Keep counting, no matter how thick the political flak. That could well have been the motto of the US Census Bureau ever since it revved up the 2000 headcount late last year.
The initial revving involved widespread advertising to get people ready to cooperate when the census forms landed in their mailboxes. The ads were aimed, especially, at the minority communities that have been chronically undercounted.
And, in fact, the advertising campaign appears to have paid off. African-Americans, for example, have shown increased participation in the census - to be exact, a 1 percent jump over 1990. Not much, perhaps, but it reverses a few decades of declining participation. Hispanics have filled out their forms at an increased rate, too, as have Asian-Americans.
Now that the process has shifted from mail-in forms to house-to-house canvassing, census takers are encountering some places - such as some of Chicago's tonier neighborhoods - where white, higher-income people are the most resistant to giving the census a few minutes of their time. Is this the ironic offshoot of comments made by various prominent Republicans a few weeks back about intrusive census questions?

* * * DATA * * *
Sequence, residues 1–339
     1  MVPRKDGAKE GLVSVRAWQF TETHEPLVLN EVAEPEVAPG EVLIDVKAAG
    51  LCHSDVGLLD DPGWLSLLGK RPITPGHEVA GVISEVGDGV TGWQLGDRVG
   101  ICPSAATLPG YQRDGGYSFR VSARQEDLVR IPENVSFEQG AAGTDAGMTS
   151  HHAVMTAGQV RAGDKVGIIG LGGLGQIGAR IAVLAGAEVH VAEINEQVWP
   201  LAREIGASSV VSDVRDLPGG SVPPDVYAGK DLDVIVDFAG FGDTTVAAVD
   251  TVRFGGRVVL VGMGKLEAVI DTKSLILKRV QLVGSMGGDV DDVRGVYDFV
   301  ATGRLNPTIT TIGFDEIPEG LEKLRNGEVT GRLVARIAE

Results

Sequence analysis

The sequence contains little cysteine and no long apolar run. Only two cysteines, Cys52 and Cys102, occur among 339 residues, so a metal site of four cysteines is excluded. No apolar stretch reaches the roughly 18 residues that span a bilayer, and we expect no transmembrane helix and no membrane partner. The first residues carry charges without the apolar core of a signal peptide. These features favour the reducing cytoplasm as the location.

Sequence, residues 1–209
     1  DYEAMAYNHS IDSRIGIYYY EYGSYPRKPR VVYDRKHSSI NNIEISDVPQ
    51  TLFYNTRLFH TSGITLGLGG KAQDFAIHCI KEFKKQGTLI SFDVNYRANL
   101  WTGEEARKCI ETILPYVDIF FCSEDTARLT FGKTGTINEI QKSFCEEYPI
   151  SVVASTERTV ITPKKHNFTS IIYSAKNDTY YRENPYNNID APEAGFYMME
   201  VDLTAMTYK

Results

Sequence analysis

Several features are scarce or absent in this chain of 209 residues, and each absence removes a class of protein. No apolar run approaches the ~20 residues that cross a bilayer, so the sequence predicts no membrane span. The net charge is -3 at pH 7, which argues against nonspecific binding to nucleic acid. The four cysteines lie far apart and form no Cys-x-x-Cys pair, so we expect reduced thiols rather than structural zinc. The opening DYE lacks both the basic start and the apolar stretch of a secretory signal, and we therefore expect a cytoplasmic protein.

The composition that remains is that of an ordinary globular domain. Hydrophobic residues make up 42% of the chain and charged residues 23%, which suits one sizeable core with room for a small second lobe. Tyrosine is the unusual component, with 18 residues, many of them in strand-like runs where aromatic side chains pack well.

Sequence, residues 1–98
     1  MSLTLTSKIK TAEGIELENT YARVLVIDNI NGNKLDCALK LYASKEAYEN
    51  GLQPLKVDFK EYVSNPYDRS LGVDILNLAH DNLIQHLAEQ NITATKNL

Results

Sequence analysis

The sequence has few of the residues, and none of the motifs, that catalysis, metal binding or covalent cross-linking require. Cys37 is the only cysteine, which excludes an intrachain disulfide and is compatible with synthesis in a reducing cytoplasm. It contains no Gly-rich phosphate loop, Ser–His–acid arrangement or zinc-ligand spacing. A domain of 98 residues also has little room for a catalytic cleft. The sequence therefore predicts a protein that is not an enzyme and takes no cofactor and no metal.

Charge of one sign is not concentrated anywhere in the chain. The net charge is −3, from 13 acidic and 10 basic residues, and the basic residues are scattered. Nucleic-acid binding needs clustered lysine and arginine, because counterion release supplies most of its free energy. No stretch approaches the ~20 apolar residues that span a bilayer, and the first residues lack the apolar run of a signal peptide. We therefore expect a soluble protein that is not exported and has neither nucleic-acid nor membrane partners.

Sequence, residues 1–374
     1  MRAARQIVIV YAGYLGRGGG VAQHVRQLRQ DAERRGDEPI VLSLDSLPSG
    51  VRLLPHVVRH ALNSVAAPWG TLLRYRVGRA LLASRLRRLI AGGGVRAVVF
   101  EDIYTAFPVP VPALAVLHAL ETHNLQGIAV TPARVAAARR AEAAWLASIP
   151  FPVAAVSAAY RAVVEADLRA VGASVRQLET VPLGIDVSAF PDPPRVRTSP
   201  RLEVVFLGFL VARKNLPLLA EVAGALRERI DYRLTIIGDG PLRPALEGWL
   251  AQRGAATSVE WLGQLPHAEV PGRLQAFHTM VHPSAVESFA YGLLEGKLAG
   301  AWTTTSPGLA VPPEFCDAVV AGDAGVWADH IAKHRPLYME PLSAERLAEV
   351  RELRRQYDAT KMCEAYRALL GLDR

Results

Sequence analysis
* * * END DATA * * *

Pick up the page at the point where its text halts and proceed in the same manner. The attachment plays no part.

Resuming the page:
Speaking of matters partisan, sparring over statistical sampling still surfaces occasionally in Congress. Democrats like the idea, because the method would further reduce undercounts in poorer (traditionally Democratic) areas where mobility is often greater and people are harder to track down. Republicans dislike it, for obvious political reasons, as well as distrust of the methodology.
The Supreme Court, interpreting federal law, said sampling could not be used to apportion seats in Congress - but could be used for other things, such as redrawing districts and determining representation in state legislatures.
Accordingly, the antisampling crusade has largely moved to the states, where Republican politicians are writing laws to block the use of sampling-augmented census numbers to draw state legislative boundaries. So the battle goes on.
But so, gratefully, does the counting. Americans need the best national portrait they can get as they head into the new century.
(c) Copyright 2000. The Christian Science Publishing Society